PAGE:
Andean landscapes, local knowledge and gender
Agroforestry is a practice with a long history in the Andes, and is currently seen as a promising tool for sustainable land management and climate change adaptation but there is little published research about it. A diversity of agroforestry practices currently co-exist in Andean landscapes, however, there is an urgent need for critical examination of such practices in the context of climate change adaptation. Not only should agroforestry practices as options for climate change adaptation be compatible with local livelihoods, but they should also build on local knowledge. This is especially true in the Andes, where local people have developed complex knowledge system and coping strategies in a context of extreme climatic conditions and high climate variability.
The main objective of this research project is to compare different agroforestry practices as options for climate change adaptation in the Andes, by determining the benefits of trees in rural landscapes from the perspective of smallholder women and men.
The research involves three indigenous communities, mostly Quechua-speaking of Chanka and Inca origins located in the valley of the Apurimac River in the Southern Peruvian Andes. The site covers an altitude range from 2000 metres up to 3800 metres, which means that there is a diversity of farming practices, ecological habitats, land use and livelihoods systems, and thus also of farming practices being studied.
The specific objectives of the research are to:
- Get an historical overview of the presence and management of native and exotic trees at the research site at the landscape level.
- Identify current agroforestry practices existing at the research site and their integration within local livelihoods and land use systems.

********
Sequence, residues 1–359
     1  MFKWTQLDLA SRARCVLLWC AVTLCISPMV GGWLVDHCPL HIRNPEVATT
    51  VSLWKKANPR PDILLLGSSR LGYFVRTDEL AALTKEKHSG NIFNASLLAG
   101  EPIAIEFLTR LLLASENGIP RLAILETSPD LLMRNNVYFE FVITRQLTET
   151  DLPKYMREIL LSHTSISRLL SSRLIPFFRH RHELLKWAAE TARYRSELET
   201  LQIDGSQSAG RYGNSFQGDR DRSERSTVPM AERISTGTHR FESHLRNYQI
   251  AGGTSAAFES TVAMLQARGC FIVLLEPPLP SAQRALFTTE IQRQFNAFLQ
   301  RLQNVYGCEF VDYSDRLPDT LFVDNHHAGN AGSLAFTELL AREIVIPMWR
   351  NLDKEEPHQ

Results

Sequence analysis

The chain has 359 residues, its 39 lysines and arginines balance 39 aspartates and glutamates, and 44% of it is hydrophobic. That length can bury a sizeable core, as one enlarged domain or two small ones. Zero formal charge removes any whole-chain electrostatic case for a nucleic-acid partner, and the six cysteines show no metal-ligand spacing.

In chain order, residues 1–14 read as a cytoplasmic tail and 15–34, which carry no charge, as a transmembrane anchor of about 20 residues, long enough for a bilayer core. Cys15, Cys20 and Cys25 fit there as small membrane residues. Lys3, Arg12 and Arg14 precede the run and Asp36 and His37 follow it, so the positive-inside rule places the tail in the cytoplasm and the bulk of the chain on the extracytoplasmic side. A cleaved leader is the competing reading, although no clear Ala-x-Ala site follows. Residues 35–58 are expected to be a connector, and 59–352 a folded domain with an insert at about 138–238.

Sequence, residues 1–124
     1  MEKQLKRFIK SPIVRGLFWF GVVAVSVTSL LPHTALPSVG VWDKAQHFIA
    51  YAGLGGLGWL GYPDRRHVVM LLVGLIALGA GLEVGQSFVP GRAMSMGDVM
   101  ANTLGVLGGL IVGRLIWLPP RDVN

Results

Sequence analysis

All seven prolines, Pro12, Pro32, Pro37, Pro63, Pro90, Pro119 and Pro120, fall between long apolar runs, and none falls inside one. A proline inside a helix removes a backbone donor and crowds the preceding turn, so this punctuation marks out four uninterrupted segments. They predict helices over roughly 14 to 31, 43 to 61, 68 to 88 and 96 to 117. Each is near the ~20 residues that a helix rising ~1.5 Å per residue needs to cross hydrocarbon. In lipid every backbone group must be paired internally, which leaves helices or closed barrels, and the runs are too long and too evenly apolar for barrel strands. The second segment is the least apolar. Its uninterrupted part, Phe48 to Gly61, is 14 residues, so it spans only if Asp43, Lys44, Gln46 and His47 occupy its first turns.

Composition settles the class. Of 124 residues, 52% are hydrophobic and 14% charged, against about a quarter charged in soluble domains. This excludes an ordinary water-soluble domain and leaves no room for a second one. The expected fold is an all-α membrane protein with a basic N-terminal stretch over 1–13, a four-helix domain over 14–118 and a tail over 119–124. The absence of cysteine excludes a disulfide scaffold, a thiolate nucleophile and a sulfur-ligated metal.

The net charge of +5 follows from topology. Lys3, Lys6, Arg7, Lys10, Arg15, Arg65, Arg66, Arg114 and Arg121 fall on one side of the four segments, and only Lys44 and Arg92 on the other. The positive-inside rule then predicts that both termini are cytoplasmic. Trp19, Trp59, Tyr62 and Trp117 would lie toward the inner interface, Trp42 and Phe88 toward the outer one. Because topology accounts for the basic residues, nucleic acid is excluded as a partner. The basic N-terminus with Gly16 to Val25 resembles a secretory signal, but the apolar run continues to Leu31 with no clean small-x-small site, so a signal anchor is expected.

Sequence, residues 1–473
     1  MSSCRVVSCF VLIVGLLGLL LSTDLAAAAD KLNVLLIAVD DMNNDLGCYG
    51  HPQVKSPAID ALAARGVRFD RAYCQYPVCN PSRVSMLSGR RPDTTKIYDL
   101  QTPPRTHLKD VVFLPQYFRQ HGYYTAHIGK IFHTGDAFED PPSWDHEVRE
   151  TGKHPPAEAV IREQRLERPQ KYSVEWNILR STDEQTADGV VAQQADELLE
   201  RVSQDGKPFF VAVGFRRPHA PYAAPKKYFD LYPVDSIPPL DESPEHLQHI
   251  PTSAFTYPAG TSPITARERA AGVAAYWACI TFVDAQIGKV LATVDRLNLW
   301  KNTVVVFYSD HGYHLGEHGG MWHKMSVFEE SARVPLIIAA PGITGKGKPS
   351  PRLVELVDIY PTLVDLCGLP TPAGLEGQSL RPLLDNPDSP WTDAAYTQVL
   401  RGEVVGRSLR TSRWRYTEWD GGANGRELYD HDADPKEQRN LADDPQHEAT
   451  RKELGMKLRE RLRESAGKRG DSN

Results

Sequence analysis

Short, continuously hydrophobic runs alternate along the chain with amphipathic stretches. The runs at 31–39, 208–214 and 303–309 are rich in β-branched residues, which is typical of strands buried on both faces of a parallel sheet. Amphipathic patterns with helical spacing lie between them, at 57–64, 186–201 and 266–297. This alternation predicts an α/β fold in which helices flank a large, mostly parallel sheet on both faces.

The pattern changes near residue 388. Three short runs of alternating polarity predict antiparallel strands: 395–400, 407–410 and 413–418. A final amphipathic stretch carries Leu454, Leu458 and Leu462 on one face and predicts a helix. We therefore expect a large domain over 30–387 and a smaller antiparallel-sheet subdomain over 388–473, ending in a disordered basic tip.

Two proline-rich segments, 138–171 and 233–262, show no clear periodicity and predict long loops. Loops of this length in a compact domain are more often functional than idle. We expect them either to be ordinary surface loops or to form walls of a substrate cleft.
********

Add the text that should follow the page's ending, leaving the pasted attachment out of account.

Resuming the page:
- Document local women and men’s ecological knowledge on agroforestry practices, and their contribution to climate change adaptation.
- Investigate women and men’s appreciation of the ecological, economic, and socio-cultural benefits of different agroforestry practices in the context of a changing environment.
- Develop locally-adapted and gender-sensitive recommendations for the promotion of agroforestry as a climate change adaptation strategy in the Andes.
The study is being done within a partnership with the Andean Forests Programme on Climate Change, financed by the Swiss Agency for Development and Cooperation. The results of the study will inform the program’s efforts and activities to improve capacities for climate change adaptation and mitigation in the region through the consolidation and up-scaling of successful incentive policies, practices, tools and frameworks, for the sustainable management of Andean forests.
The research applies a transdisciplinary approach that involves the use of interdisciplinary and participatory tools. A combination of ethnographical (participant observation, in-depth interviews), ethnobotanical (inventories, preference ranking), and participatory tools for gender research in climate change and agroforestry are being applied for data collection.
All data is sex-disaggregated and analyzed with a gender focus to consider gender differences in the knowledge and valuation of agroforestry species, practices and forest resources.
The study is using tested tools such as: theAgroecological Knowledge Toolkit (AKT5) to explore local agroecological knowledge on agroforestry practices; the Rapid Appraisal of Agroforestry Practices, Systems and Technologies (RAFT) for an inventory of agroforestry practices; the Gender & Inclusion Toolboxto explore perceptions of social-ecological change; and the guide In Equal Measure: a User guide for gender analysis in Agroforestry to identify gender perceptions of benefits of agroforestry practices.
The study’s preliminary findings show that Andean farmers have important knowledge on the buffering role of shrubs and trees for increased temperatures and soil and water conservation, including erosion control, promotion of soil fertility, and the management of increasingly scarce resources. However, their knowledge is more limited regarding species that can protect their productive systems against extreme climatic events such as heavy rainfalls, hail, and strong winds. While no significant differences were found between the agroecological knowledge of men and women, their valuation of agroforestry practices vary greatly. Men give more importance to the direct uses of agroforestry practices, such as the provision of food or income, and women value more socio-cultural benefits such as the delimitation of the territory and esthetic values. Both value equally the ecological benefits of agroforestry practices.